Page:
The only conclusive studies I encountered showed that we would basically be putting him at risk for one extra stomach bug in the first year.

Now that we have a 4-month-old baby angel, I’m happy to report that we still stand by these original ideas.

It has really worked out. Our baby ate well from day one, easily gained weight at a healthy level, and is always well hydrated. He sleeps for longer stretches so we are all better rested. He has a sweet bond with his dad who feeds him often, and can also spend full days and nights with doting grandparents to give us some much-needed rest.

On my end, the roller coaster of hormones with extensive sob breaks in the first few weeks that friends prepared me for did not happen for me, and I feel like opting out of breastfeeding may be part of the reason why.

Now that I’m back to work, I don’t have to take breaks to pump, worry about pumping in the middle of the night while he’s asleep, or struggle with him not taking bottles if someone other than me is caring for him.

It’s great.

On baby medical forms, a very common checkbox is “breastfed” or “formula fed.” I like this visual reminder that it is a choice.

It doesn’t say “loves child” vs. “poisons child and ruins their opportunities for health, happiness, and success in life.”

As I’ve shared my thinking with others, I’ve heard time and time again that my new parent peers, like me, never even considered formula over breastfeeding, because we all just understood breastfeeding to be the only acceptable option. Let’s change this.

Every other account of formula feeding that I have read was from people who came to formula feeding reluctantly after not being able to breastfeed as much as they had planned. I believe that there are others out there like me who thoughtfully chose this path, but choose to keep their choice private to avoid the potentially fierce criticism from others.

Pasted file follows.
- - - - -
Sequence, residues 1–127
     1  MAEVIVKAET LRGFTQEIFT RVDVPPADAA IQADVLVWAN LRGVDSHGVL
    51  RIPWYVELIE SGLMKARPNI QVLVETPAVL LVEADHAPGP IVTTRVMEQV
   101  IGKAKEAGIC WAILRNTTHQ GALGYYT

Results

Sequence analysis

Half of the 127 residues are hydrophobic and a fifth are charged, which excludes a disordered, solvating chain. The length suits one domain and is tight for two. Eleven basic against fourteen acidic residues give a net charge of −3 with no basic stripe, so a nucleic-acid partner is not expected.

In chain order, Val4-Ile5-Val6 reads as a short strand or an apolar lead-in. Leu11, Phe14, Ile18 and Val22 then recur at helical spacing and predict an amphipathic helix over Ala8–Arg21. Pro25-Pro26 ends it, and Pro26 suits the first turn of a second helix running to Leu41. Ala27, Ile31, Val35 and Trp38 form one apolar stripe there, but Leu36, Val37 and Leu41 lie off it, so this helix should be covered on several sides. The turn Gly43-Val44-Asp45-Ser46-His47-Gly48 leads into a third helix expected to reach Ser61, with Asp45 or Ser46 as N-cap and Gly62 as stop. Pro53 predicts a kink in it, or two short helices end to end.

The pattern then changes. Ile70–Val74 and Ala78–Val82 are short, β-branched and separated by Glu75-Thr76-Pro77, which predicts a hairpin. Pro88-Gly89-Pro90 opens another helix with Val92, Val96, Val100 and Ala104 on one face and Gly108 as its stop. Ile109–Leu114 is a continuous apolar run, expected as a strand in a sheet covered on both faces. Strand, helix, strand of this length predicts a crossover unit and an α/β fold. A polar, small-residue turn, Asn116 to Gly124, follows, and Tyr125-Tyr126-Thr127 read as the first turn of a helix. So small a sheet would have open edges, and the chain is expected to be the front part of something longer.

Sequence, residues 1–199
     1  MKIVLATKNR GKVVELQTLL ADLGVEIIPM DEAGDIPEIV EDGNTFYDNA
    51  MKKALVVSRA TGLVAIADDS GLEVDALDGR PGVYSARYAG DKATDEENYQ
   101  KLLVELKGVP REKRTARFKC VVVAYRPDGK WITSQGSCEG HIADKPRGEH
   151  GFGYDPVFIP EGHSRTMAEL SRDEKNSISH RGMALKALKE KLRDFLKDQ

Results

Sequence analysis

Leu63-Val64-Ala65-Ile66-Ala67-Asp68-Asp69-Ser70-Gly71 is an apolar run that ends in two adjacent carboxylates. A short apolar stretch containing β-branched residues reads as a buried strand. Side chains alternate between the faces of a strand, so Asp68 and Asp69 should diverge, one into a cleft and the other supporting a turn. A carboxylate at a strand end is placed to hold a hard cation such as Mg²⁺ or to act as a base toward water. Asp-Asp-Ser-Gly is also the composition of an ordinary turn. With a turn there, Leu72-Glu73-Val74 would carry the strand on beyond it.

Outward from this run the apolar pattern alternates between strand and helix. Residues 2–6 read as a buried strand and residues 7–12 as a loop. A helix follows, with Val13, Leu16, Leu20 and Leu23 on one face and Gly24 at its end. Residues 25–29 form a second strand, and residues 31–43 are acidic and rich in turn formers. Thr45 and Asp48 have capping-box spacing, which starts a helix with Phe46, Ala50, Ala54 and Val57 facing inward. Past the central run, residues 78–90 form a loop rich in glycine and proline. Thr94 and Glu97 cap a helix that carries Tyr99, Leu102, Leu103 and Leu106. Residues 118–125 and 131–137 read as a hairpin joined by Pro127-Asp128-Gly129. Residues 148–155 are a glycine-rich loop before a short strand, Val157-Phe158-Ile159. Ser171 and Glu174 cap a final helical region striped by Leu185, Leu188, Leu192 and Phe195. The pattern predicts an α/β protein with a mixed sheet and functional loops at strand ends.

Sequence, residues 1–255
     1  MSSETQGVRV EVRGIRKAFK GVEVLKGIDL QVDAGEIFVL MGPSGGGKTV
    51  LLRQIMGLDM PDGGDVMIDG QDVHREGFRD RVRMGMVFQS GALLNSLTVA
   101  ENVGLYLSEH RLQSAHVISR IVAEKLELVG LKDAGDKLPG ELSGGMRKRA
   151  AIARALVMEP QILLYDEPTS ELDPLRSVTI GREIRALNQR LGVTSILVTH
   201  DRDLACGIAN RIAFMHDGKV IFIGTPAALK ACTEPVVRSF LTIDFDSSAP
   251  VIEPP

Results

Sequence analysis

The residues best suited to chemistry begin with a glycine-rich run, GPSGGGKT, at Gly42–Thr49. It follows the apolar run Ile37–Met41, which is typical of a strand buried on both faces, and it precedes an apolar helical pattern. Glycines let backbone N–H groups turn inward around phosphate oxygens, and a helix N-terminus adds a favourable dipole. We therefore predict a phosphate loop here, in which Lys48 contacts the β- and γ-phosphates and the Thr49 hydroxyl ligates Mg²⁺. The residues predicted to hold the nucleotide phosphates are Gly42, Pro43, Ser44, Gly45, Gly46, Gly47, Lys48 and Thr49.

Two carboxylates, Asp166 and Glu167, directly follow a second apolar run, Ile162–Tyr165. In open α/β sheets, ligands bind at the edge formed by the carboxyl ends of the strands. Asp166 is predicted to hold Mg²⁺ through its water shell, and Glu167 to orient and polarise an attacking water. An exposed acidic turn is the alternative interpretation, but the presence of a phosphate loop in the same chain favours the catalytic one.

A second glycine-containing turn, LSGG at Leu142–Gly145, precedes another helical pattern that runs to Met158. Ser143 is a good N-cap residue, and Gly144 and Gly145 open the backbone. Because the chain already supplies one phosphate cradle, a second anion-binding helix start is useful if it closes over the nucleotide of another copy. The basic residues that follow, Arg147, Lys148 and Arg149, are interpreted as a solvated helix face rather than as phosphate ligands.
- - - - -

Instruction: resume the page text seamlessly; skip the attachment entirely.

That's why I'm speaking up. I’m willing to take the heat if it can help others let go of any guilt.

Formula feeding is one more option to consider as you navigate this new life of parenthood, and I’m happy to report that it’s possible to make this choice while also choosing not to feel guilty about it.

This story originally appeared on Medium and is excerpted here with permission.

Photo by Tim Mossholder on Unsplash
True

Glenda moved to Houston from Ohio just before the pandemic hit. She didn't know that COVID-19-related delays would make it difficult to get her Texas driver's license and apply for unemployment benefits. She quickly found herself in an impossible situation — stranded in a strange place without money for food, gas, or a job to provide what she needed.

Alone, hungry, and scared, Glenda dialed 2-1-1 for help. The person on the other end of the line directed her to the Houston-based nonprofit Bread of Life, founded by St. John's United Methodist pastors Rudy and Juanita Rasmus.

For nearly 30 years, Bread of Life has been at the forefront of HIV/AIDS prevention, eliminating food insecurity, providing permanent housing to formerly homeless individuals and disaster relief.

Glenda sat in her car for 20 minutes outside of the building, trying to muster up the courage to get out and ask for help. She'd never been in this situation before, and she was terrified.

When she finally got out, she encountered Eva Thibaudeau, who happened to be walking down the street at the exact same time. Thibaudeau is the CEO of Temenos CDC, a nonprofit multi-unit housing development also founded by the Rasmuses, with a mission to serve Midtown Houston's homeless population.

Keep Reading Show less

Eight months into the coronavirus pandemic, many of us are feeling the weight of it growing heavier and heavier. We miss normal life. We miss our friends. We miss travel. We miss not having to mentally measure six feet everywhere we go.

Maybe that's what was on Edmund O'Leary's mind when he tweeted on Friday. Or maybe he had some personal issues or challenges he was dealing with. After all, it's not like people didn't struggle pre-COVID. Now, we just have the added stress of a pandemic on top of our normal mental and emotional upheavals.

Whatever it was, Edmund decided to reach out to Twitter and share what he was feeling.

"I am not ok," he wrote. "Feeling rock bottom. Please take a few seconds to say hello if you see this tweet. Thank you."